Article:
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Testicular Cancer Resources
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Testicular Cancer

Testicular Cancer

The two testicles make sperm and testosterone. Cancer of the testicles is very treatable.

What are the symptoms of testicular cancer?
The first noticeable symptom may be a lump or swelling in one testicle, possibly leading to one testicle becoming noticeably larger than the other. Monthly self-exams are recommended, especially if there is a family history of testicular cancer. Some men experience breast enlargement because of a change in hormones. Pain in the lower back, scrotum or abdomen can also be a sign.

How is testicular cancer diagnosed?
A physical exam, followed with imaging, such as an ultrasound, MRI, CT scan PET scan or others, and blood test may be done.

What are the treatments for testicular cancer?
In most cases, the affected testicle will be surgically removed. When the cancer has spread or is suspected to have spread, radiation and chemotherapy may be performed. Sometimes a stem cell transplant is done.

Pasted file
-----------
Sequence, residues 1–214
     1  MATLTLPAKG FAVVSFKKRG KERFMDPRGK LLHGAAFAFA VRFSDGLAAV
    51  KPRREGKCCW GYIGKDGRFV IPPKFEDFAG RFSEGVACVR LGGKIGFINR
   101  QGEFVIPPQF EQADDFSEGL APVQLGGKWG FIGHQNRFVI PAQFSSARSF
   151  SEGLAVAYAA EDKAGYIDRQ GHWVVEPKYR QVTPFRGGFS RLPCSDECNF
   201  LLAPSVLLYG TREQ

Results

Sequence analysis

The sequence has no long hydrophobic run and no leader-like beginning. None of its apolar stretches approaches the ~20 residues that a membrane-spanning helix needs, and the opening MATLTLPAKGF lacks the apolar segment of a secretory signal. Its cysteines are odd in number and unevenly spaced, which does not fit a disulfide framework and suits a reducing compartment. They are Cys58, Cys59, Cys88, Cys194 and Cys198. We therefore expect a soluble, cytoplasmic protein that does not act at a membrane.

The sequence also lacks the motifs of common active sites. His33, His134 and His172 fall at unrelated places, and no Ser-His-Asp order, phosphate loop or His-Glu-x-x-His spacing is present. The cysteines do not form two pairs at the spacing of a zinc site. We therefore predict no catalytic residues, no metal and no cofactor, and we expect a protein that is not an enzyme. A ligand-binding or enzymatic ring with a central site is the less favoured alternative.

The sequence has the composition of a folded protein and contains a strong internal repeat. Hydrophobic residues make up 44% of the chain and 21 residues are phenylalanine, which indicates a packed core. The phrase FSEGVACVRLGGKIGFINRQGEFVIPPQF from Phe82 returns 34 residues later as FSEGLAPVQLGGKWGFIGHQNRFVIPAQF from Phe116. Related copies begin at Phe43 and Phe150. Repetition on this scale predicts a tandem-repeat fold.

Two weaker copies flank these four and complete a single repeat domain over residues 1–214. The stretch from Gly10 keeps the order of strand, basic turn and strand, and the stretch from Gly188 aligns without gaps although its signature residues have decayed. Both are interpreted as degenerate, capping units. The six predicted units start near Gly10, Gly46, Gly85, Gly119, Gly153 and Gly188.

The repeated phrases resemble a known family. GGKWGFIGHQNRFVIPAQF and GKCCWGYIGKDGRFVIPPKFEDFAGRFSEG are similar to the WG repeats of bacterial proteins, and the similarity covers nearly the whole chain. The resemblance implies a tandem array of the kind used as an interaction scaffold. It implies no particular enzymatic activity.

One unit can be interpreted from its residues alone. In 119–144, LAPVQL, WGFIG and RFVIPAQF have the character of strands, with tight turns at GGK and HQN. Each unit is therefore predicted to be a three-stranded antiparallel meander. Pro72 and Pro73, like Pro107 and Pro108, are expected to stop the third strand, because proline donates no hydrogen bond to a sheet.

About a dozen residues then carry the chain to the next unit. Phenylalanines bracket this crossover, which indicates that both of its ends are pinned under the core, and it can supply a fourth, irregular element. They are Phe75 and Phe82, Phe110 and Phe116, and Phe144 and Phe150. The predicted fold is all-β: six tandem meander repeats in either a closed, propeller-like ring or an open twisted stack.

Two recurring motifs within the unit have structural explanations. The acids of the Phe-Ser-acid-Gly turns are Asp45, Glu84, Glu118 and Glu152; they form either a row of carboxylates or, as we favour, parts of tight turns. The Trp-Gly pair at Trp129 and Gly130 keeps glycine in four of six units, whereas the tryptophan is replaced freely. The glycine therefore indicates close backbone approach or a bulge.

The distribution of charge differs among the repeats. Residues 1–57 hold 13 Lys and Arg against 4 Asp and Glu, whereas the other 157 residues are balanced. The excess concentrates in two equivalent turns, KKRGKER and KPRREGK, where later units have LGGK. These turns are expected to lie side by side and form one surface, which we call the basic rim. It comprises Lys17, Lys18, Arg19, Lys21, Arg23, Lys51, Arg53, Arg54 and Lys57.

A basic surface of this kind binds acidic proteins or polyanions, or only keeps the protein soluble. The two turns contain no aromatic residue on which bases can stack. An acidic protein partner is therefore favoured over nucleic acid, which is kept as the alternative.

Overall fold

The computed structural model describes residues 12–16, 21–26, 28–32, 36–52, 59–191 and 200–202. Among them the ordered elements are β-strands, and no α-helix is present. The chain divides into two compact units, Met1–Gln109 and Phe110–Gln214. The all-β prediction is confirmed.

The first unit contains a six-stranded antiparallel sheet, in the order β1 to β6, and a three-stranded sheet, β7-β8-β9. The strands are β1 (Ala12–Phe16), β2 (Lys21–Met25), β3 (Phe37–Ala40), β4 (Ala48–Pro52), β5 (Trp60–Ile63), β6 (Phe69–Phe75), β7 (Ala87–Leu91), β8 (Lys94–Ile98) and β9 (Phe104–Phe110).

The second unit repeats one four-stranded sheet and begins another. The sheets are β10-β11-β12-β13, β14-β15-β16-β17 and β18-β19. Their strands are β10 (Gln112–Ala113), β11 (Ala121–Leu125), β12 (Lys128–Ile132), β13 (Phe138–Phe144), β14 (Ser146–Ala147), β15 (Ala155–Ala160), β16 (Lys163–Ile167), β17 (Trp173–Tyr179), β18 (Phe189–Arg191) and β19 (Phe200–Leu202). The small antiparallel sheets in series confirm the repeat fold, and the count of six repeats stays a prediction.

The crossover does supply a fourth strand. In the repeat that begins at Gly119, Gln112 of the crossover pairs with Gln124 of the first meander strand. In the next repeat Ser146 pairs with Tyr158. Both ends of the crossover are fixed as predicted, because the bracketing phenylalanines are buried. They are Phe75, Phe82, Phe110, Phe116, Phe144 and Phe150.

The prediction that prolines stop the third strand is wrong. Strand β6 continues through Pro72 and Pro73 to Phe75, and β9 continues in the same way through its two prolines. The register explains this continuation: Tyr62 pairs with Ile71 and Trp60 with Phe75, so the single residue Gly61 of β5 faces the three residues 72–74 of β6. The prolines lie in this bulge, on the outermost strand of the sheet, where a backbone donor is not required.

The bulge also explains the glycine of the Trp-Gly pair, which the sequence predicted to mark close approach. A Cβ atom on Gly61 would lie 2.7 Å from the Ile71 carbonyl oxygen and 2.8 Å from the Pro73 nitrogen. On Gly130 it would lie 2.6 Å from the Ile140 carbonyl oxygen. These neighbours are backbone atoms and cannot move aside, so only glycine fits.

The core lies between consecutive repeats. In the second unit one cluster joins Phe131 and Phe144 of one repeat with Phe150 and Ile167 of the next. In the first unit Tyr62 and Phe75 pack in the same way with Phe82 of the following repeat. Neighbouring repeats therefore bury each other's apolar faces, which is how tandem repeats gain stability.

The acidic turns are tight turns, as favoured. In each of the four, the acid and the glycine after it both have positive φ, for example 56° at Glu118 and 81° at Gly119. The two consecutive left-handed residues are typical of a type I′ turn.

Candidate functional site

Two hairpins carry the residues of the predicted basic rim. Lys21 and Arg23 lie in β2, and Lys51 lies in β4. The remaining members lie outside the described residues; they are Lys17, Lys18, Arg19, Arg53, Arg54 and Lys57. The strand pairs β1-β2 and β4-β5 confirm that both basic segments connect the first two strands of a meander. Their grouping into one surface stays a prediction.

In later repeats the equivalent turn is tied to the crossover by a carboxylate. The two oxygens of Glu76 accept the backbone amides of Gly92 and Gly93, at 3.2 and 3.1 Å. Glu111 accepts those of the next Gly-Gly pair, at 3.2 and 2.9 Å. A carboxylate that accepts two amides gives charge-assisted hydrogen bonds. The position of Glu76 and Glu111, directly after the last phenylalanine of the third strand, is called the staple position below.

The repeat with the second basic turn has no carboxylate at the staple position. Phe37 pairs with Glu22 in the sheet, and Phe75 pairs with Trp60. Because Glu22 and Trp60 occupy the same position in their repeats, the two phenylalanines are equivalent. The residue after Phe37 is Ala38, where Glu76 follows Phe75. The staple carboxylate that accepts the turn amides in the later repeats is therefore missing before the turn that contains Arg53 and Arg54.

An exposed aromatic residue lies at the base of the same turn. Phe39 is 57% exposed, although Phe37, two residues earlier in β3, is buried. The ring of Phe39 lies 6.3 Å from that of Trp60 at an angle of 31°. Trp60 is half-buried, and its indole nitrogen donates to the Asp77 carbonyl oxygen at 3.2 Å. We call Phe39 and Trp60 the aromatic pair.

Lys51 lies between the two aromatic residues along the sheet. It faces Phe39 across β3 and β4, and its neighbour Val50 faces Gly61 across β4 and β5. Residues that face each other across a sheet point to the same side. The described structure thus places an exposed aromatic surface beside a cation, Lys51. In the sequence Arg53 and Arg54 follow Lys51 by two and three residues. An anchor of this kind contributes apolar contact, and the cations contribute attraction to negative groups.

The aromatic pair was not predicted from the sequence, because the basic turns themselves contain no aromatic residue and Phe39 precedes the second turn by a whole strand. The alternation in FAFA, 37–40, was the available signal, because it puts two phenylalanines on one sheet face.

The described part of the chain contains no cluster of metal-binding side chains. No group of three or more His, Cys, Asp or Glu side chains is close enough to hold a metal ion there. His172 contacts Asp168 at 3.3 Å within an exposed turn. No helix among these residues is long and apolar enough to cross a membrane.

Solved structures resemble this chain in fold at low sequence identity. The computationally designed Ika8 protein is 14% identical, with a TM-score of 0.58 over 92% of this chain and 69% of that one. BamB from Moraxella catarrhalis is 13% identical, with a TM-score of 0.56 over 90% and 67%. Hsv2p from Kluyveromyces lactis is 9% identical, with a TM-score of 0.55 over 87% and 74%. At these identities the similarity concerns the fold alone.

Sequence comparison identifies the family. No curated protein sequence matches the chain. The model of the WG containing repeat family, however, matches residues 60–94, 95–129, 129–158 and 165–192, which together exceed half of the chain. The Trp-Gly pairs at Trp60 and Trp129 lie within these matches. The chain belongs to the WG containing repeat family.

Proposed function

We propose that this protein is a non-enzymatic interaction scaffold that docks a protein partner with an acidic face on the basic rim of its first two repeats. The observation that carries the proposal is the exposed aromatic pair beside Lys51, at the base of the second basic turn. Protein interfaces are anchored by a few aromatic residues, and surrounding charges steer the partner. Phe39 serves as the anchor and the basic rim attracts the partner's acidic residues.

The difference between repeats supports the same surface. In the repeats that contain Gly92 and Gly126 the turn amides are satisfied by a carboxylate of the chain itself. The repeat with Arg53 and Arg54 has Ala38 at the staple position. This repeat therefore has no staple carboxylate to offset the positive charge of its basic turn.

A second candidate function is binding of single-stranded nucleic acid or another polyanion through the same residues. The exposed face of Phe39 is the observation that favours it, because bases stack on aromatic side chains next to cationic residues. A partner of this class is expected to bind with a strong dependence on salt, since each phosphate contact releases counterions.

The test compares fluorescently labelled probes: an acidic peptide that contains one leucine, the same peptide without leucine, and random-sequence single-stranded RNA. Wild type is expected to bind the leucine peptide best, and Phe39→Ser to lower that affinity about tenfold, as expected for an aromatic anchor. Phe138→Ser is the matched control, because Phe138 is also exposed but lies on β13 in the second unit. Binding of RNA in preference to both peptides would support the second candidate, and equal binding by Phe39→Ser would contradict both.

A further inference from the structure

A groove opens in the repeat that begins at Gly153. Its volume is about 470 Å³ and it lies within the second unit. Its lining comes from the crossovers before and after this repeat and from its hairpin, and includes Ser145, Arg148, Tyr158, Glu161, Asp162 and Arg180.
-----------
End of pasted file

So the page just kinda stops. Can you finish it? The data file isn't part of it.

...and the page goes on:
What are the risk factors for testicular cancer?
Some of the risk factors include having an undescended testicle or a family or personal history of the disease.

Can a man father children after testicular cancer?
Only one testicle is needed to maintain fertility, but if both testicles are removed, or if chemotherapy or radiation treatments are planned, a man who wants to preserve his ability to father children may bank his sperm before the procedure.

Is it possible to have a testicle implant to replace the removed testicle?
Yes, any man facing removal of a testicle should discuss with his doctor whether he would like to have a prosthetic testicle implanted. It may be possible to implant it during the same surgery when the cancerous testicle is removed.

What are some additional resources for learning about testicular cancer?
If you or your loved one is facing testicular cancer, CalvertHealth has a whole range of services designed to help you so you never take this journey alone. Please talk to your CalvertHealth provider or your Nurse Navigator, or check the service pages for information about treatments, services and support groups.
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